So you’re a weekend warrior and you want to move to a ski town. Hey, post ski season wanderlust happens to the best of us. While those who live in ski towns can’t wait to shed their ski jackets and escape to Moab or Mexico come the spring for some T-shirt weather, city dwellers start dreaming about a move to the mountains. Perhaps you’re lamenting all the powder days you missed because the interstate was closed due to a blizzard, or maybe work got in the way of you skiing as much as you’d have liked to. If only I lived in a ski resort, I could ski every day, you think, mournfully eyeballing your barely-touched ski pants.
No one would blame you for the impulse. More people are seeking a better work/life balance for starters. I did it myself, 14 years ago, escaping the heat and bustle of New York City for the resort life of Vail. Living in a city, even one such as Denver that has easy access to a plethora of resorts, means you’re pretty much always a day late and a dollar short for any big storm. Between proximity to the slopes and a more laidback culture, living in a ski town means you can ski every day, and explore the mountains in your hiking boots and on your bike during the summer months. The move towards remote work that the pandemic shepherded made it easier for urbanites to move to more rural areas, and many took advantage of the situation, racing to fill empty dwellings recently vacated by resort workers who had been laid off and headed home for lockdown.
But now life is moving back to normal, ski resorts are operating at capacity again, and a problem that existed long before Covid is even uglier than before. There’s nowhere to live, what rental opportunities there are have gone from extortionate to astronomical, and even long time locals are getting priced out.
“If you're someone who's making enough money to survive – let's just say somewhere between 50 to 100k – you can't survive in the mountains,” says Evan Soroka, who has learned this lesson the hard way in recent years.
Soroka is a resident of Aspen, where the lack of affordable housing is the biggest problem facing the city council. She grew up there and, after leaving home as a young adult to travel abroad, she returned to the ski town in 2010. Even as a well-respected yoga teacher (she’s the author of the book Yoga Therapy for Diabetes) she found she’d already be priced out of the rental market entirely, if it weren’t for a subsidy available to locals below a certain income threshold. This allowed her to get a small but lovely one-bedroom apartment, just outside of town, where she lived for about eight years. When she met her now-husband, it became their home and with her teaching salary and his private chef income, they were able to make it work.
During lockdown, however, their longtime living situation became untenable. Their landlord, who had mental health issues, grew increasingly abusive. In another place and at another time, Soroka and her husband would simply have gone on Craigslist and found another apartment, but these days, that’s no longer possible. First, prices have gone crazy since the pandemic.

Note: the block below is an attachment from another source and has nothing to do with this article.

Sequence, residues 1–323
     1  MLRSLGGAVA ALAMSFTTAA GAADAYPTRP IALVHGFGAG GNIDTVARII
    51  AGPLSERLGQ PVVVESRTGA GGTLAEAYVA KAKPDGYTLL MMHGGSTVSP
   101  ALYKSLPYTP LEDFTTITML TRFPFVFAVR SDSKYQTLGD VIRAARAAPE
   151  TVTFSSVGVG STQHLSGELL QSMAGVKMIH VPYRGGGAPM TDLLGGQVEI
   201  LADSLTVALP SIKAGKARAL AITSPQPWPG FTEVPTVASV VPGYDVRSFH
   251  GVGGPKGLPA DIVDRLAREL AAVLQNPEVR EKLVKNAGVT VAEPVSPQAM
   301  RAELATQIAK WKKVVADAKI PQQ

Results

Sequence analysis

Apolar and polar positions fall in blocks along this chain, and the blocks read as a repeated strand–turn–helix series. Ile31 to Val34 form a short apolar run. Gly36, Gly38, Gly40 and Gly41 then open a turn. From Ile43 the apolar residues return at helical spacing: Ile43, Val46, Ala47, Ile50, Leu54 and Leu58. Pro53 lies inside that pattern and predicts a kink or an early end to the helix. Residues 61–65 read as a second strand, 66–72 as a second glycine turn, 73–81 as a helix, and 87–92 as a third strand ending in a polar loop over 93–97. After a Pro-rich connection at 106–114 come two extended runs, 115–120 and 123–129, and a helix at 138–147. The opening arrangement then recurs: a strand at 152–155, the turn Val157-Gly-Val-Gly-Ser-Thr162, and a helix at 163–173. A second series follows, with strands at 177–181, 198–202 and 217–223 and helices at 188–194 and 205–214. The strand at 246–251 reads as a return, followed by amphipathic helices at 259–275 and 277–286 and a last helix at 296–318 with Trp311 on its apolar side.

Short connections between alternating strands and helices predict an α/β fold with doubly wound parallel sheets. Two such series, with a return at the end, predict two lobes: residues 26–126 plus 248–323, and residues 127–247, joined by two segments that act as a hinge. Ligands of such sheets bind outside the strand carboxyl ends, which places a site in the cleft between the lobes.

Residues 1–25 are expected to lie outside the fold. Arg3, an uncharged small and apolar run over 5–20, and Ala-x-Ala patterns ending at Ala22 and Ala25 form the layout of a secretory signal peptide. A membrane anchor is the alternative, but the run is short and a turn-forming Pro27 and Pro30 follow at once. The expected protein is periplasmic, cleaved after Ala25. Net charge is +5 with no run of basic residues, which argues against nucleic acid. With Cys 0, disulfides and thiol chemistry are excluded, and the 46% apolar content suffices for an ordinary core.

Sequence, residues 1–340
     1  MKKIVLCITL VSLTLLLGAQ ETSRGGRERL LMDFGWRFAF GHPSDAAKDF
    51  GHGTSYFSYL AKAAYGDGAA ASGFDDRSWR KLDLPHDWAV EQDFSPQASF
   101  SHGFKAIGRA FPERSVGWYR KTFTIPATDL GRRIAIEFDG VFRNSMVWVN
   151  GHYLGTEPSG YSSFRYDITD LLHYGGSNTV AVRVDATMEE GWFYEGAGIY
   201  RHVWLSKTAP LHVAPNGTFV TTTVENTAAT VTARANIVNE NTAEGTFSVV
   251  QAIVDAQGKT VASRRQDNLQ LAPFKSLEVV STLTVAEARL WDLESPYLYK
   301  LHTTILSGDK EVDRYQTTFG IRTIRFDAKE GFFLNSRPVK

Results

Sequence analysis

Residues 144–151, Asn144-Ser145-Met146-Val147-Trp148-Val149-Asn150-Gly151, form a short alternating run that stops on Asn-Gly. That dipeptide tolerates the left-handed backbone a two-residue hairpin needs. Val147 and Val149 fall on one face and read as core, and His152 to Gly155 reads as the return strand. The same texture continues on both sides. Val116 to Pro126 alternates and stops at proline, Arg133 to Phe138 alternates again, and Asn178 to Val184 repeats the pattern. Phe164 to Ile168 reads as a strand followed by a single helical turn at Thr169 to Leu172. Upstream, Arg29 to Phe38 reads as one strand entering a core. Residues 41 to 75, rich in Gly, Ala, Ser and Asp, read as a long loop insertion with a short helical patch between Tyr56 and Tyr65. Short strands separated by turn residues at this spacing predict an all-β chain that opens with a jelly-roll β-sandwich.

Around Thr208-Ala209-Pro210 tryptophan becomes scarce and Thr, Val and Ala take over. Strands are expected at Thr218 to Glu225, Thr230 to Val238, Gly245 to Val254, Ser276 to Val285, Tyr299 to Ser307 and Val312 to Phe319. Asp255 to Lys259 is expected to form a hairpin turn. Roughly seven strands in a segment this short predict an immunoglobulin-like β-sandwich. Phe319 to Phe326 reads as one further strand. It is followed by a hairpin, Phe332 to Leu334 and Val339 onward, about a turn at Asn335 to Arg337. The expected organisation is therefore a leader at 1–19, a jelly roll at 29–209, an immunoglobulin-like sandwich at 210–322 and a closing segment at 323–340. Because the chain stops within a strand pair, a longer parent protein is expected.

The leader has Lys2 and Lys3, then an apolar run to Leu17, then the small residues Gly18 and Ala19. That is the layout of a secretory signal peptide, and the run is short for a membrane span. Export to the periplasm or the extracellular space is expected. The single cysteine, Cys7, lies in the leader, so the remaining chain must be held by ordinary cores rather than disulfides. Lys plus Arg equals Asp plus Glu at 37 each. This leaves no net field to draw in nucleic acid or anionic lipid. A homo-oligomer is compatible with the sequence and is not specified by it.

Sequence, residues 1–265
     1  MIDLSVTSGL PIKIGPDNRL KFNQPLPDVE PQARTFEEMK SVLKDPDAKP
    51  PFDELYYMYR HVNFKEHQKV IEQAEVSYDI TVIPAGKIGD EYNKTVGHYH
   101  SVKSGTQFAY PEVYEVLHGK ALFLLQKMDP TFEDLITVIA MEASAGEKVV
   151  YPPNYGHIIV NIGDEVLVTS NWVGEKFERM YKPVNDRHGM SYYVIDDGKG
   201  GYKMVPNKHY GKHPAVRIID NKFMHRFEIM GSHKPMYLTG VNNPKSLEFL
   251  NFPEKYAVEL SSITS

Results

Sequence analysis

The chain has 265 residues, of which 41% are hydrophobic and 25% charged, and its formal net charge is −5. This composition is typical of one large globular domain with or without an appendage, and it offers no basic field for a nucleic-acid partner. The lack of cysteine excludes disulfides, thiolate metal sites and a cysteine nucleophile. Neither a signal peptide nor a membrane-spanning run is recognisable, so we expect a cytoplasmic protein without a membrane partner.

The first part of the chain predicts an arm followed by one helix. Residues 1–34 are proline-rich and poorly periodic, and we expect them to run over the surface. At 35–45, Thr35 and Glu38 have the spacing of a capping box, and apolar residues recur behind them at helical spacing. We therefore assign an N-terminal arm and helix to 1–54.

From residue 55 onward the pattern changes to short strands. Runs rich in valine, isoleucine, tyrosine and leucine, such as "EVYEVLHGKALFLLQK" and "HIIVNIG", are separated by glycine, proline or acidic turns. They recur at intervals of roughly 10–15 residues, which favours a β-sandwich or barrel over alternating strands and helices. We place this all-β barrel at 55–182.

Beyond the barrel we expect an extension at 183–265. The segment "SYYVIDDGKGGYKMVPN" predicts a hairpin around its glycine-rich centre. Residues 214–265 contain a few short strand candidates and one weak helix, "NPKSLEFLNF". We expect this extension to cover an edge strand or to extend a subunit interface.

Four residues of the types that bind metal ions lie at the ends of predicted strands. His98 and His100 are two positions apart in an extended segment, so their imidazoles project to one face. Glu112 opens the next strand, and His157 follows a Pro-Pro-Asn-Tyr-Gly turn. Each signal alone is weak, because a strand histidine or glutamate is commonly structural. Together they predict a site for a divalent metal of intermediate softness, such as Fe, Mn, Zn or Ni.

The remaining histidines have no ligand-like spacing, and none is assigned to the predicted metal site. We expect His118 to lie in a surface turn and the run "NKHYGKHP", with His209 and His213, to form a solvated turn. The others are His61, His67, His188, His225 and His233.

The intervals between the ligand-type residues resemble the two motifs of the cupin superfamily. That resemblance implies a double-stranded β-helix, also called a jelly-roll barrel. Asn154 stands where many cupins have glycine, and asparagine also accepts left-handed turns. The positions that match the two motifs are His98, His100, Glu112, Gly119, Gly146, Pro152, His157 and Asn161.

“The rentals that are out there are just way beyond anyone's scope of being able to pay for anything. We were really, really struggling. We were being priced out of rentals, like, anywhere you'd want to live. A one bedroom or studio was like $5,000.”
When she tells me this, I can barely believe my ears, and it’s not because I’m foreign to the cost of living in the Rockies. As recently as 2018 I recall paying $1200 a month for a stuffy basement studio lock off in a town near Vail. Aspen was always pricier, but is it really possible that in just five years, they could have quadrupled? I pull up Craigslist and quickly search for rentals in Aspen, and it’s impossible to tell because there’s nowhere available in Aspen and all the “affordable” places (i.e. under $2,000 per month) are actually in Frisco – a three-hour drive away.
So assuming you’re looking at $5,000 a month for a small rental unit, and assuming you, like Soroka, have a partner that can halve the bill with you, you’ll need to be able to afford $2,500 a month. If you live by the rule that your rent shouldn’t be more than 30% of your income, let’s hope you’re making upwards of $90,000 a year. More if you're single. At that rate, I can't help but wonder, wouldn’t you prefer more than a well-worn studio outside of town? Suddenly, a nice home in the city, a ski pass and the occasional long drive to the mountains for ski weekends is starting to seem more appealing.
Now you might be thinking, perhaps you’ll qualify for some of those rental subsidies that Soroka mentioned she benefited from, but here comes the second problem – the maximum income you’re allowed to earn hasn’t risen with the cost of living, so Soroka found that even though she and her husband were making a relatively good living, they were stuck between a rock and a hard place.
“The qualification rates have stayed the same, as in the money that you have to make, but people are making more because they have to make more to live here, and what's happening is that your average person doesn't qualify for the subsidized rentals.”
In other words, they were still struggling to make ends meet in a pricey town like Aspen, but made too much to qualify for any help. Worse still, even though she notes that more housing is in dire need, the situation with the subsidies means there may be properties lying empty that could be homes for locals.
“Many of those rental properties are actually vacant, because not enough people are qualifying, because they're making too much,” shares Soroka.
A bureaucratic nightmare, to say the least, and one that left the couple willing to put up with a living situation that they wouldn’t otherwise have tolerated.